COVID curbs spark protests worldwide

Austria on Friday announced a nationwide partial lockdown, while other nations on the continent have resorted to less severe restrictions, often choosing to ban unvaccinated people from venues like restaurants and bars.

Thousands took to the streets across Europe and Australia on Saturday to protest fresh rounds of COVID restrictions.

Several countries have recently reintroduced tighter measures in a bid to combat a resurgent wave of infections.

Austria on Friday announced a nationwide partial lockdown — the most dramatic restrictions in Western Europe for months.

Other nations on the continent have resorted to less severe restrictions, often choosing to ban unvaccinated people from venues like restaurants and bars.

The Netherlands

In the Netherlands, rioters threw stones and fireworks at police, and set fire to bicycles as protests against coronavirus curbs turned violent for a second night in the country.

A day earlier, at least two people were injured after police fired shots at protesters and 51 were arrested at an anti-coronavirus restrictions demonstration in the city of Rotterdam.

Police arrested at least one person during a protest in The Hague.

Earlier in the day, several thousand protesters angered at the latest measures gathered in Amsterdam on Saturday. One group earlier in the day had cancelled their rally because of the previous night’s violence.

In the southern city of Breda, near the Belgian border, a musical protest called by local DJs against current COVID-19 measures, which include the 8 p.m. (1900 UTC) closure of bars, restaurants and clubs, attracted a few hundred people.

The Netherlands went back into Western Europe’s first partial lockdown of the winter last Saturday with at least three weeks of curbs. It is now planning to ban unvaccinated people from entering some venues.


Around 35,000 protesters, many from far-right groups, marched through the Austrian capital Vienna on Saturday.

Among those protesting were members of far-right and extreme-right parties and groups, including the far-right Freedom Party, the anti-vaccine MFG party and the extreme-right Identitarians.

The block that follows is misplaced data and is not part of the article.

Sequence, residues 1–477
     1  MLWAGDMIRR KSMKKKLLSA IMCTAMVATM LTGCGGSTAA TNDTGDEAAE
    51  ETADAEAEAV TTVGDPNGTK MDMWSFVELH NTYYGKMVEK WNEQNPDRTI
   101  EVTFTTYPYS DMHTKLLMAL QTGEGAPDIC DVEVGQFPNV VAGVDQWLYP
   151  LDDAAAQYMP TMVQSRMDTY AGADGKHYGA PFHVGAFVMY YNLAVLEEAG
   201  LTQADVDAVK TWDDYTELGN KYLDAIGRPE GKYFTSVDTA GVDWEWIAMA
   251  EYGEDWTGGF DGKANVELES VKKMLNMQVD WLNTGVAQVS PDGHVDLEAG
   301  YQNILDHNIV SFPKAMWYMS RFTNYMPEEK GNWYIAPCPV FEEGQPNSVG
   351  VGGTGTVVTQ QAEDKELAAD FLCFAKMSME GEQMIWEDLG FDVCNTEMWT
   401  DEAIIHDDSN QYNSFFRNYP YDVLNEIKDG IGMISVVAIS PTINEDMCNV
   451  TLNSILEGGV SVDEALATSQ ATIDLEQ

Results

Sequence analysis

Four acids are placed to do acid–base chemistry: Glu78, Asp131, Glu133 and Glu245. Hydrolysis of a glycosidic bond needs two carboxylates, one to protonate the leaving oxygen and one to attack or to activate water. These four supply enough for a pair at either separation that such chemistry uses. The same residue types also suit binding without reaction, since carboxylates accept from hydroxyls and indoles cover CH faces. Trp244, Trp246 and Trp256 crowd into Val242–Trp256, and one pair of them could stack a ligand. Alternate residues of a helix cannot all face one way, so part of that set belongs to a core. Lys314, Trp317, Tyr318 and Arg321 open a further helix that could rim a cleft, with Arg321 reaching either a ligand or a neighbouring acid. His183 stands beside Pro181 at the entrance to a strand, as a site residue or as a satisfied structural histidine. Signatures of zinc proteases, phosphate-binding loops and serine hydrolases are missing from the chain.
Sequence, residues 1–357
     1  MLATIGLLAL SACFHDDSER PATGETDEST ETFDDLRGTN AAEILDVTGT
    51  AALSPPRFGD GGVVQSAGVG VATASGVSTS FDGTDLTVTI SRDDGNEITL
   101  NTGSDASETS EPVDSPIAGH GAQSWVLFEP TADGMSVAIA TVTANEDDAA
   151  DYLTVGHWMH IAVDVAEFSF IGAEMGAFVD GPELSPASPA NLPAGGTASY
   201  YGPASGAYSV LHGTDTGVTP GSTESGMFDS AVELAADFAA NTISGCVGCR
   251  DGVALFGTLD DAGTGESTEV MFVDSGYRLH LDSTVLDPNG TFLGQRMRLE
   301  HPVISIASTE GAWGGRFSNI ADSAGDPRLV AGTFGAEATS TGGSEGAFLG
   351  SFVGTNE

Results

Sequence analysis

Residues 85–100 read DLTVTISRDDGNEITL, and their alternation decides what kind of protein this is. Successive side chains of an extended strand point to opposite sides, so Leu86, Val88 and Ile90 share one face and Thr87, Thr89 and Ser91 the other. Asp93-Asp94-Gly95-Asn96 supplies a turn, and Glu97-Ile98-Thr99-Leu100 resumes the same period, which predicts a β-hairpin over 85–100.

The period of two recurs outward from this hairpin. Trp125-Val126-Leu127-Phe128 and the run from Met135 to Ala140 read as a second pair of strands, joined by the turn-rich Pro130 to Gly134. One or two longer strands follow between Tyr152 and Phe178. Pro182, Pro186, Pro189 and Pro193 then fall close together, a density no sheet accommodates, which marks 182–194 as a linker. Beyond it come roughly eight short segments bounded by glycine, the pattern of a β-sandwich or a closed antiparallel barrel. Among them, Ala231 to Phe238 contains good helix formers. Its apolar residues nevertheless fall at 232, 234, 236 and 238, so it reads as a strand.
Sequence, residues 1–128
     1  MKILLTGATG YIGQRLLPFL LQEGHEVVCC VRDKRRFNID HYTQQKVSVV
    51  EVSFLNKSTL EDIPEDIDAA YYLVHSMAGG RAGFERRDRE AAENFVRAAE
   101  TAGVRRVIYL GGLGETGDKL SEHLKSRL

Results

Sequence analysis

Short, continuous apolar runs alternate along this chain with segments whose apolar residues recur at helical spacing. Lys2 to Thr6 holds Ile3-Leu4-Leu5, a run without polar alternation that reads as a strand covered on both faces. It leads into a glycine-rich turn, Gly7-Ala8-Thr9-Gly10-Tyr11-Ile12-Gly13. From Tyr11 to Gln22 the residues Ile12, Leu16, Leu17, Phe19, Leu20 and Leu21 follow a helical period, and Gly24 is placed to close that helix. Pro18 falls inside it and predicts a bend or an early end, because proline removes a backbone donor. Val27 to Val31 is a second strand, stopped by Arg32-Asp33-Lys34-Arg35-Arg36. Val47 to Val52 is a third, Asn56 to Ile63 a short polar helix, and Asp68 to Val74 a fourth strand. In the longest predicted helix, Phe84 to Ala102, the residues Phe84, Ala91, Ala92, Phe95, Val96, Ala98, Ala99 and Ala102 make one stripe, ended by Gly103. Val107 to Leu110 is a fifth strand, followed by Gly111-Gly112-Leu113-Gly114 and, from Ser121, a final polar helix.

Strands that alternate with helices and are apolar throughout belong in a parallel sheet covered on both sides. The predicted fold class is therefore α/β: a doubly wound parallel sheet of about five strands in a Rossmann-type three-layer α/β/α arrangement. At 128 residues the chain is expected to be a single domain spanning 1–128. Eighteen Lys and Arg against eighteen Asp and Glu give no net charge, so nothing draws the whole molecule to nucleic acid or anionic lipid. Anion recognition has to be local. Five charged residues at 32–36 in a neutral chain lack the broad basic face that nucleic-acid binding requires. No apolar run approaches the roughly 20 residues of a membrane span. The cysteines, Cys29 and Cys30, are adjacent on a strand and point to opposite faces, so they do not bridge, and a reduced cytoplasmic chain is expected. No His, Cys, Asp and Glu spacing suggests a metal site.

Police said around 1,300 officers were on duty and several protesters were detained, but didn’t give specific numbers.

From Monday, 8.9 million Austrians will not be allowed to leave home except to go to work, shop for essentials and exercise. The restrictions will initially last 20 days with an evaluation after 10 days.

The government is making vaccination against COVID-19 mandatory in the country from February 1 next year.

Northern Ireland

In Northern Ireland, several hundred people opposed to vaccine passports protested outside the city hall in Belfast.

The government of Northern Ireland voted this week to introduce vaccine certificates for admission to nightclubs, bars and restaurants starting December 13.

Some protesters carried signs that have been widely criticized as offensive, comparing coronavirus restrictions to the actions of Nazi Germany.


In Croatia, thousands gathered in the capital of Zagreb. Some carried flags, nationalist and religious symbols, along with banners against vaccination and what they describe as restrictions of people’s freedoms.


In Italy, 3,000 turned out in the capital’s Circus Maximus to protest against “Green Pass” certificates, required at workplaces, restaurants, cinemas, theaters, sports venues and gyms, as well as for long-distance train, bus or ferry travel.

“People like us never give up,” read one banner, in the red, white and green colors of the Italian flag. Almost no one wore a protective mask.


In Sydney, some 10,000 marched and there were protests in other major Australian cities against vaccine mandates applied to certain occupations by state authorities.


In Denmark, around one thousand people protested government plans to reinstate a COVID pass for civil servants going to work.

“Freedom for Denmark,” cried some of the marchers at a rally organized by the radical Men in Black group who deny the existence of the virus.


France sent a group of dozens of elite security force officers to its overseas territory of Guadeloupe on Saturday after protests against coronavirus rules turned violent.

The deployment follows almost a week of unrest on the Caribbean island which included the burning of barricades in the street.

French Interior Minister Gerald Darmanin said around 50 agents from the GIGN counter-terrorism and RAID elite tactical forces would be sent to Guadeloupe.

Although almost 70% of the population of mainland France is already fully vaccinated, in Guadeloupe the share is less than 50%.

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